Upper ClassWealthy families that have maintained their wealth for at least three generations. This is associated with specialized cultural capital whereby the upper class in a particular nation have shared behaviors that serve to unite them and preserve their position.
Nouveau RicheFamilies that have recently acquired wealth. These are often an entrepreneurial class that collectively control more resources than the upper class but haven't demonstrated an ability or desire to maintain this position over many generations.
Political ElitePoliticians, bureaucrats and others who control the vast resources of nations.
Corporate EliteThe officers and directors that control the resources of large corporations.
Cultural EliteLeaders of culture such as the leadership of a religion. People who are interested in culture such as art may consider themselves a cultural elite but this isn't an accurate description as interest doesn't constitute social power.
Academic EliteHighly cited professors who lead the direction of an academic discipline.
TalentPeople who are unusually talented such that they dominate the direction of a science, industry, sport or art. For example, an artist who founds an artistic movement that influences the entire future direction of art.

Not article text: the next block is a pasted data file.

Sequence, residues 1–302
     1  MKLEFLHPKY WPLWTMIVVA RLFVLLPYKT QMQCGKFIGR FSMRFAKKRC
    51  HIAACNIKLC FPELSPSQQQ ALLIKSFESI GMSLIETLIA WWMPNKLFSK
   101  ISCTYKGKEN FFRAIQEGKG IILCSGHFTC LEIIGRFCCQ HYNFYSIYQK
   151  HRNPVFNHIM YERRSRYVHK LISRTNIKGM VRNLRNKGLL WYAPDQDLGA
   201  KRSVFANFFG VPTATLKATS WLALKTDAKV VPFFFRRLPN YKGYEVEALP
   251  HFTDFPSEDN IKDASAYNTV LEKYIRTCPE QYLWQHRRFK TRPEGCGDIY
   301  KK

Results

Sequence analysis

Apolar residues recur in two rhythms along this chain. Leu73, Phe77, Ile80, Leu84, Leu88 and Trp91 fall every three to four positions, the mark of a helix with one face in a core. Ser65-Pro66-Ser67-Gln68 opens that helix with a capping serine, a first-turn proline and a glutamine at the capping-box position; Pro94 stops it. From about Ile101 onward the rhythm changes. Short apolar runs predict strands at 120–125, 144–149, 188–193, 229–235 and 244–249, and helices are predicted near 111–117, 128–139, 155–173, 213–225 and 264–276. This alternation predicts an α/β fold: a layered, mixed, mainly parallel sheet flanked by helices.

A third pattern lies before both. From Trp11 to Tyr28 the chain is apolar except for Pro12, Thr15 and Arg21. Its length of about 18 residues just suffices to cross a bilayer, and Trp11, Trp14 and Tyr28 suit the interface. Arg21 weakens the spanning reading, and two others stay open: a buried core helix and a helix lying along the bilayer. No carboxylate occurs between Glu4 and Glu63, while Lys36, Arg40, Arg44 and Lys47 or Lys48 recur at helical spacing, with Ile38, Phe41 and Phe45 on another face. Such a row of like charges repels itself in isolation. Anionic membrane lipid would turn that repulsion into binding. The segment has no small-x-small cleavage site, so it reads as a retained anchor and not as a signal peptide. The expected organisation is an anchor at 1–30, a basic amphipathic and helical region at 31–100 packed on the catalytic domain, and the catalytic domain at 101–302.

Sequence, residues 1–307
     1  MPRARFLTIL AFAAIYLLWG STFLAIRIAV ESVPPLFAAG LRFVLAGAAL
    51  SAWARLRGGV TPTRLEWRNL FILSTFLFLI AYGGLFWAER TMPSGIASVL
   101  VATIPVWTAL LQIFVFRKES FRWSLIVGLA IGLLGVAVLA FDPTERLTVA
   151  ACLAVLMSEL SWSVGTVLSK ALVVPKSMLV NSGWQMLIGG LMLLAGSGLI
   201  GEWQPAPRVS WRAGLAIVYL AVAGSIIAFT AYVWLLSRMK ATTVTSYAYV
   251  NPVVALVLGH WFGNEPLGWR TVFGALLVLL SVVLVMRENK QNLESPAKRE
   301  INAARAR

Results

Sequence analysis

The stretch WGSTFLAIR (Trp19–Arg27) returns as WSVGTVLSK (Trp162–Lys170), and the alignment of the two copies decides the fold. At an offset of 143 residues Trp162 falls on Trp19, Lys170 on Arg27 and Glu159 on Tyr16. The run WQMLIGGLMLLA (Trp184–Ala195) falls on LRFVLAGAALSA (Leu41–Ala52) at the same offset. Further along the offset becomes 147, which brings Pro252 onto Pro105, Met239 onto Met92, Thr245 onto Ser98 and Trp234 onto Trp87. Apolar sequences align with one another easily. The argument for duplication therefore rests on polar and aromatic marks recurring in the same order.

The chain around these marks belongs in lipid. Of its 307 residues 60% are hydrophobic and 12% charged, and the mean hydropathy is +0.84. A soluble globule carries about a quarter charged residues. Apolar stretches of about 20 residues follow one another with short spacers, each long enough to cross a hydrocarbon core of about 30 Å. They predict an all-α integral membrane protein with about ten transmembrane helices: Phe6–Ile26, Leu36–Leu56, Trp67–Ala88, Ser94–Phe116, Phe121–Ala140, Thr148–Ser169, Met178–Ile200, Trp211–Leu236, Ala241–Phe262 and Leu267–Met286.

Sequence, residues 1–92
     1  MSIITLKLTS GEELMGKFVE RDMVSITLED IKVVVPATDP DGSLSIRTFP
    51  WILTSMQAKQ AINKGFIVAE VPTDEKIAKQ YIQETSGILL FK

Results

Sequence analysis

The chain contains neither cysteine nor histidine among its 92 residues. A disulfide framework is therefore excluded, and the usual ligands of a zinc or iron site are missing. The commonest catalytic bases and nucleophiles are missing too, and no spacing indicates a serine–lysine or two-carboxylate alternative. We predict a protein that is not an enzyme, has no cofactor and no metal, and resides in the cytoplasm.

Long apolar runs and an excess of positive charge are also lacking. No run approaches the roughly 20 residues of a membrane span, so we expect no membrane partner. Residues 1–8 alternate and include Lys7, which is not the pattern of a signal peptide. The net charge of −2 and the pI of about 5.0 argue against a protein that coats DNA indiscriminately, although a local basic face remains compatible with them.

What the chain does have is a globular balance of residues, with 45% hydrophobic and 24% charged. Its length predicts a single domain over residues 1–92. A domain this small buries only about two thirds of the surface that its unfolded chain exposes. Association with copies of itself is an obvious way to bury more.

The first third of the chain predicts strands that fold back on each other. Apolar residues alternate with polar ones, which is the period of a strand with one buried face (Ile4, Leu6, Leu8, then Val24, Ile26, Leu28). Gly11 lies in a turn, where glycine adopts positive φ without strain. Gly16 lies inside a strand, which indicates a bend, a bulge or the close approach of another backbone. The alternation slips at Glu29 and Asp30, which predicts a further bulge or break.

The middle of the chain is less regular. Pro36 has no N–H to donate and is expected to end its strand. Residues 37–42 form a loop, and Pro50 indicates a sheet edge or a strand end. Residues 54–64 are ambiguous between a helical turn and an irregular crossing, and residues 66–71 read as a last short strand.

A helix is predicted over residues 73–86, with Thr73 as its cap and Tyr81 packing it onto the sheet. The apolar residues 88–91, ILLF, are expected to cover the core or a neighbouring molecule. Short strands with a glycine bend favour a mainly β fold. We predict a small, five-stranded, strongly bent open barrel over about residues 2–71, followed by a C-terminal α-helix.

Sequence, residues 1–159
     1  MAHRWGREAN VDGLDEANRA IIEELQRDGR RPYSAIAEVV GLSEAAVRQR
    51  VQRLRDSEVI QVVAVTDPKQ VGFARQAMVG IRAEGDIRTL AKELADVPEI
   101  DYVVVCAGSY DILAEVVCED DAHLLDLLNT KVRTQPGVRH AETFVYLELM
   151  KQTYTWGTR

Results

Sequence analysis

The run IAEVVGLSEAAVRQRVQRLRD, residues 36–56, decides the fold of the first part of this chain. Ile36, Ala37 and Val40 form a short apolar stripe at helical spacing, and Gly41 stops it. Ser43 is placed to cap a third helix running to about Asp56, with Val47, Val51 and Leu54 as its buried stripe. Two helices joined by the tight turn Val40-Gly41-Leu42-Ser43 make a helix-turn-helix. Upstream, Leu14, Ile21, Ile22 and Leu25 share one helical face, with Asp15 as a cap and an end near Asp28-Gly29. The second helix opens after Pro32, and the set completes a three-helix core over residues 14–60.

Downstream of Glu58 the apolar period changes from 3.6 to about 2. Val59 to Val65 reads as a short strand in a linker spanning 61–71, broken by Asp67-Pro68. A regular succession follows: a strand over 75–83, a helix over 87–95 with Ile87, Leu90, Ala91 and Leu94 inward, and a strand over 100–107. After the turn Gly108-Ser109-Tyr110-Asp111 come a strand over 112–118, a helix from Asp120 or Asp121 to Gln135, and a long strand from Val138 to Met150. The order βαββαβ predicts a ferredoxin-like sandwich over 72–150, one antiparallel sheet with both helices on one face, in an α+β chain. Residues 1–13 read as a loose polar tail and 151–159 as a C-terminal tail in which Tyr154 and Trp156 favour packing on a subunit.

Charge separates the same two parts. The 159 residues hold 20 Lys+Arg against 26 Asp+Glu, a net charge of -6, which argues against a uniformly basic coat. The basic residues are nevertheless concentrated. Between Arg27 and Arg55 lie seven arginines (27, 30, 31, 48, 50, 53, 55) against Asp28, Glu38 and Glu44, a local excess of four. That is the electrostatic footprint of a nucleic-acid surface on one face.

Social StatusIndividuals with very high social status, particularly celebrities such as musicians, actors and other people who are widely admired for their creative outputs. The elite of celebrities become household names such that virtually everyone in a nation has heard of them.
InfluencersPeople with the capacity to meaningfully influence either a small number of powerful people with direct communication or millions of regular people through media. In most cases, this is a limited type of power that doesn't directly control any resources. It is also common for influence to be overestimated with vanity metrics.
A group that hold social power such as wealth, authority and influence.